Friday, January 1, 2010

First Movie Review of 2010: Cool Blue People

If you have not seen Avatar, then don't read below as I will spoil it :)

Ok, first, the production values were incredible.  Just great animation, although the 3-D-ness did not bring that much to the table.  It was an enjoyable flick.
BUT I am tempted to re-title the movie "Dances with Elves/Ewoks."  I think that Cameron wanted to try out his new film-making procedures and crafted a very simple Cowboys/Corporations vs. Indians story so that he would have an excuse to show off his pretty stuff 

There were lots of cool features in the movie--the first flying scene was fun, the luminescent stuff was nice, the blue folks were nicely imagined.  The battle scenes were well choreographed.

But it was not a subtle flick, especially once the ex-Marine/private military contractor started talking about terror and pre-emption.  So, are the blue folks Iraqis or Indians?

And the Marine was a jarhead.  He did a nice job of orchestrating an aerial ambush, but the ground strategy of a frontal assault was just stupid.  I kept expecting it to be part of a trap.  But no, they had to have the mother spirit run the show far more successfully.  So, lots of the Na'vi died needlessly.  Aside from riding the nastiest beast and fighting well, the lead, Jake Sully, did not lead particularly well.

The stuff about the networked planet was good, but when some of this was discussed, I was almost hearing a Yoda-like voice saying "Hmmm, yes, together bound are we.  The trees, the plants, the creatures--sustains us they do."  Well, you get the idea.  A story does not have to be original to be compelling, but it does help.

So, was it a great movie?  No.  I just did not get sucked into the story that much.  The acting was fine, and the effects were amazing.  But I was not taken away to a magical place.  It is definitely to be seen in theaters, although I am not sure it was worth an addition $3.50 per head for the 3-d. 

The take home message--humans suck, capitalists suck, and American capitalist humans really suck.  Got it.  I am sure George Lucas is thinking somewhere  "If I had that technology, I could have used Blue folks for the Endor scene, rather than the Ewoks, but which make for better toys?"


Anonymous said...

Steve, I disagree with you on the 3D. I've seen it in both 3D and 2D (don't ask), and I think this is 3D done right--it isn't necessary in that there are no effects that depend on it, but it does bring the viewer deeper into the movie. To me, that (plus some awesome production values) makes what is otherwise a cliche-ridden and corny pastiche of Pocahontas, Ferngully, and The Lion King, with elements from Aliens and The Matrix (including the rave scenes from Matrix 2 and 3) fairly compelling. Besides, this is a James Cameron movie, so really it's all about the guns and machinery and other things non human (including the entire planet) anyway....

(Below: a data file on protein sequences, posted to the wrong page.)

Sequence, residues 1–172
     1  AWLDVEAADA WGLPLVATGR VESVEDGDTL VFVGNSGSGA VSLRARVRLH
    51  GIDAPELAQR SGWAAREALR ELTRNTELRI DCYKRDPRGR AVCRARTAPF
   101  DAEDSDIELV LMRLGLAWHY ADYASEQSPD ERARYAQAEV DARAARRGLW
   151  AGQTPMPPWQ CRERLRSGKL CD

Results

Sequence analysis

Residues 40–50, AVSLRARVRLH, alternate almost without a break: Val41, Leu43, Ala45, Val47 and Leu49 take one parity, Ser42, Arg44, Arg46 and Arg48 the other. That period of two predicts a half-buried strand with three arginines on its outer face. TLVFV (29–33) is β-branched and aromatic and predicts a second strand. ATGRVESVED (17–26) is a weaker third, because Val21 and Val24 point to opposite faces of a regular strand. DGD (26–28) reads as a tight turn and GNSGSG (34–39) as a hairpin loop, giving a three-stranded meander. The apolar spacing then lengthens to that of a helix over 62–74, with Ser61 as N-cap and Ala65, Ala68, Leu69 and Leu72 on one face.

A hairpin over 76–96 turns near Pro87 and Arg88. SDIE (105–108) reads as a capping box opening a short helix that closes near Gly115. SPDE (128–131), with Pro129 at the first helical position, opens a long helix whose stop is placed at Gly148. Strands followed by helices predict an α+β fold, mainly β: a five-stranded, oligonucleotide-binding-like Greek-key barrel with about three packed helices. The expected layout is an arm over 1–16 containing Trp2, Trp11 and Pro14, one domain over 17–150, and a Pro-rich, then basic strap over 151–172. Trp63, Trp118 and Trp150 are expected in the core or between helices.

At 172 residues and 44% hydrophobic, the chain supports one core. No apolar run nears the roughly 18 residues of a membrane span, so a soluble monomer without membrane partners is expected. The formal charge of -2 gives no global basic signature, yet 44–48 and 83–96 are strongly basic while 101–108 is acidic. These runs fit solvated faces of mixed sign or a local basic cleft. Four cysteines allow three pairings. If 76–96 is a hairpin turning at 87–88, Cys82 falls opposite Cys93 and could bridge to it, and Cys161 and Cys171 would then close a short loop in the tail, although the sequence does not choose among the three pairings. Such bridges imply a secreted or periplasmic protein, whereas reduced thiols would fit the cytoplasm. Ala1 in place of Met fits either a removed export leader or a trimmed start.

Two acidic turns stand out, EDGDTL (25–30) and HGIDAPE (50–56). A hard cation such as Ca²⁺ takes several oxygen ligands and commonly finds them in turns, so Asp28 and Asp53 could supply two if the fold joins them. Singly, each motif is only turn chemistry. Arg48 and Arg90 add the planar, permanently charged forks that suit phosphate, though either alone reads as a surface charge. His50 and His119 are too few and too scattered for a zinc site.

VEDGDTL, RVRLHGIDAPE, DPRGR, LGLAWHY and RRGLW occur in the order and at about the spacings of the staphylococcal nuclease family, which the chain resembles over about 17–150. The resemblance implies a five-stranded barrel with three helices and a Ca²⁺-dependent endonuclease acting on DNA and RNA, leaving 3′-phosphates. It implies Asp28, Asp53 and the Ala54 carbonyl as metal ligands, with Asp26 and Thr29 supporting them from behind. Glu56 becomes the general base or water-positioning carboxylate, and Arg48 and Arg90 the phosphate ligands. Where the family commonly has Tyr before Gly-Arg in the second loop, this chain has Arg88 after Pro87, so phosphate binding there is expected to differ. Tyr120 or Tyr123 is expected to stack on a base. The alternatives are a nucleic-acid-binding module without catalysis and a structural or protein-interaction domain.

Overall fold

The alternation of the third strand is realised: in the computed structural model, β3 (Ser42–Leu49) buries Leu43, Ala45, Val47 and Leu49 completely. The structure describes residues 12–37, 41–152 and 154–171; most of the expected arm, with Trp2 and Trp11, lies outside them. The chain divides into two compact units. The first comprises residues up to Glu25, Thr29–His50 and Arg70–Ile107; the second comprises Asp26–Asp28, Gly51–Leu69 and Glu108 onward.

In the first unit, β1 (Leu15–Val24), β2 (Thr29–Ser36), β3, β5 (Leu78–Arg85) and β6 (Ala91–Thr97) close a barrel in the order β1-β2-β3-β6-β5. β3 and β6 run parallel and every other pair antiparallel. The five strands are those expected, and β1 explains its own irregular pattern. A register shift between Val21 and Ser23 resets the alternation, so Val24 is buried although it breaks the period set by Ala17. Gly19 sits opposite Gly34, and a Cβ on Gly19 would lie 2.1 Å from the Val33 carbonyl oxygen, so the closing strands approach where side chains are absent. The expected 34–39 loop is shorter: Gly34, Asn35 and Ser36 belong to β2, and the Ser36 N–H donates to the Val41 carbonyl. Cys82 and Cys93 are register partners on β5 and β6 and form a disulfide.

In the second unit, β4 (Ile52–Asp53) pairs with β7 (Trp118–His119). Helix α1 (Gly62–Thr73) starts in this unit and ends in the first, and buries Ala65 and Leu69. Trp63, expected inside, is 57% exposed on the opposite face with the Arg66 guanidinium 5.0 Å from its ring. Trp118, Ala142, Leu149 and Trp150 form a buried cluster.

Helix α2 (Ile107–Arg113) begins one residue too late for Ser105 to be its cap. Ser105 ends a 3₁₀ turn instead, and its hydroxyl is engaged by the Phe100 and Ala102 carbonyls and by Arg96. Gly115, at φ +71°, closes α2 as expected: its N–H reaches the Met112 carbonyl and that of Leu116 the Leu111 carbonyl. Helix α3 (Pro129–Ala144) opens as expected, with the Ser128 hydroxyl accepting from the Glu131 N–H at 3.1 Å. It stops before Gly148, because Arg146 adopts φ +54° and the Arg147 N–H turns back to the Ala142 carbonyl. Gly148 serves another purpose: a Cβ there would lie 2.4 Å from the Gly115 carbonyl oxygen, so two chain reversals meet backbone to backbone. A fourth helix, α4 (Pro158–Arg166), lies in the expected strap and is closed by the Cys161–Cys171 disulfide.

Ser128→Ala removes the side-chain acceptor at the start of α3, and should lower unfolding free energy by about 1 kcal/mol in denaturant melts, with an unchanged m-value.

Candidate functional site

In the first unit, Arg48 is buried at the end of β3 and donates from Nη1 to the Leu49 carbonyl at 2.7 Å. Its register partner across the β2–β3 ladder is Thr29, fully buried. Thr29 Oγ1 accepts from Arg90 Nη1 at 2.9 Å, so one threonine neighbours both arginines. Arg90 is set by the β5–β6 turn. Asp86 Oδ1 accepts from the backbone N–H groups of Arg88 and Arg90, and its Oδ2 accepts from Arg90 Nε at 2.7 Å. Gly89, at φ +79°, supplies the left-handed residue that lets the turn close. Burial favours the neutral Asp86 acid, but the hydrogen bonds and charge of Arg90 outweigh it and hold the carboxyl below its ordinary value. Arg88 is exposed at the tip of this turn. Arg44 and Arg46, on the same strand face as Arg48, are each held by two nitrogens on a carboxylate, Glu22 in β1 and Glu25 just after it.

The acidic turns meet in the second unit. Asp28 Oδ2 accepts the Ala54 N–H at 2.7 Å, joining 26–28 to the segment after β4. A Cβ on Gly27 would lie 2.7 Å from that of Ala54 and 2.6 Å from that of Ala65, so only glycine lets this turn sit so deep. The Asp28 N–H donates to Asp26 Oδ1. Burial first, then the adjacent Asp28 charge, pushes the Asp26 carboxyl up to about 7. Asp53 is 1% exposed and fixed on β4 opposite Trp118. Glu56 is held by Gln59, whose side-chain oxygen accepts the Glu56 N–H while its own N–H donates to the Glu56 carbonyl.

Mrs. Spew said...

I had been expecting something a little less macho, with some sort of stand-off and compromise reached, but instead it's really just a war story and not a very realistic one, except for the initial tree destruction maybe. And I can't imagine what they are going to do for the sequel -- the humans return after twelve years with three times the force and armaments and blow the Na'vi up with missles? There were so many dumb bits, things that did not make sense, like the humans have the whole planet to mine pretty much, but they want to start with the big vein under the tree, which is the most problematic site, and they waited for several years while the natives were studied, then are willing to give it another three months, but then, just when they have a negotiator who is actually getting somewhere, time's up? And then when the gung-ho Marine colonel messes up by going forward, bringing a potential force of natives who can overrun their base, does the corporate head fire the colonel who screwed up? Does he decide to move his guys to orbit temporarily until the Na'vi can be dealt with? Nope. So basically, everybody in the movie had the I.Q. of a turnip. The predator cat thing was the most strategic.

So I enjoyed the visual effects, which are definitely the next step in film evolution, and I was amused by how much he cribbed from Return of the Jedi, but I also couldn't get into the thing for more than five minutes at a time, even with Sigourney Weaver doing her bestest. However, our daughter, who has seen fewer movies and learned from us to not be very discriminating, thought it was very cool, and it's nice for her generation to have something that is their own spectacle franchise. Maybe the next story will be better.